Eddie Van Halen, was one of the most eclectic front men of music bands whose innovative and explosive guitar playing kept the hard rock band that bore his family name cemented to the top of the album charts for two decades, died on Tuesday morning after a long battle with cancer. He was 65.
Van Halen’s son Wolf announced the news. “He was the best father I could ever ask for. Every moment I’ve shared with him on and off stage was a gift. My heart is broken and I don’t think I’ll ever fully recover from this loss,” Wolf Van Halen tweeted.
Born in the Netherlands and raised in Pasadena, Calif., he founded Van Halen with his older brother, drummer Alex; the siblings were joined by vocalist David Lee Roth and bassist Michael Anthony in the first recording lineup of the group, which exploded after star-making gigs at such West Hollywood clubs as Gazzarri’s and the Starwood.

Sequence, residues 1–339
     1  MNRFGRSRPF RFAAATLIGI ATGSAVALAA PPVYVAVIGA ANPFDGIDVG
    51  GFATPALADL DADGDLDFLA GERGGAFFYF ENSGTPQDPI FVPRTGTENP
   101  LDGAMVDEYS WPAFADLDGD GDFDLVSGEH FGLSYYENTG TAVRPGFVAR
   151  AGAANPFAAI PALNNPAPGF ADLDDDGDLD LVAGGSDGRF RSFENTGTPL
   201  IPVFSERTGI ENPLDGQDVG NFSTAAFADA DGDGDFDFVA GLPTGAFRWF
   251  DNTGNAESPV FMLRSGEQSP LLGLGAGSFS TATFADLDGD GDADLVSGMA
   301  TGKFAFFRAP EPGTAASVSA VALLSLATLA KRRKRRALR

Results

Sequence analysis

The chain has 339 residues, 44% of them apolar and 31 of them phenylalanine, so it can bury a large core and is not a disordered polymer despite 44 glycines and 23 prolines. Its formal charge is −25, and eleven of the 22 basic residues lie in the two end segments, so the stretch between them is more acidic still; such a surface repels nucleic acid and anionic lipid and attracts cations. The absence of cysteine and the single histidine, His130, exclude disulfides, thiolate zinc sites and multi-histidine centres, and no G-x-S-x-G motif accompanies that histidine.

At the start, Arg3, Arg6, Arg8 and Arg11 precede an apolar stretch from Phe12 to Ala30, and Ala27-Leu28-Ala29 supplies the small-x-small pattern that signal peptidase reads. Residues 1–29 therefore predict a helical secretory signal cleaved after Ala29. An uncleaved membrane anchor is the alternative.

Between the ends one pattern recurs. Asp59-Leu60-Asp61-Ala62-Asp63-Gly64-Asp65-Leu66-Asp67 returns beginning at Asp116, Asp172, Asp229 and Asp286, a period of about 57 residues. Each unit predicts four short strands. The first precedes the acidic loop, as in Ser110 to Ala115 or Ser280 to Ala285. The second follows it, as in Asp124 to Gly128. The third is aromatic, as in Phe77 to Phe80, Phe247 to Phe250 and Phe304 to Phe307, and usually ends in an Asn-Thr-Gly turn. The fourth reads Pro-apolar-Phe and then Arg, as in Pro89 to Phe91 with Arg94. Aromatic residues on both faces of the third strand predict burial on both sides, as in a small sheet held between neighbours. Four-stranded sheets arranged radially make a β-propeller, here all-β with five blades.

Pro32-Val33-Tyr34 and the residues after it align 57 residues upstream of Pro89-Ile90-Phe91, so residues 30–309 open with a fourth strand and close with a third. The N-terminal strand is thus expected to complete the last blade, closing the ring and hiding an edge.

Eddie Van Halen was dogged by personal and health issues that would intermittently interfere with his work in music over the course of the next decade. A chronic joint problem, exacerbated by his reckless onstage style, forced him to undergo hip replacement surgery in 1999. The onset of cancer — likely the result of heavy smoking — led to the surgical removal of part of his tongue in 2000.
Van Halen only witnessed renewed life when it regrouped with Hagar and Roth in the new millennium.
Eddie Van Halen is survived by his second wife, the band’s former publicist Janie Liszewski, whom he married in 2009, and his son.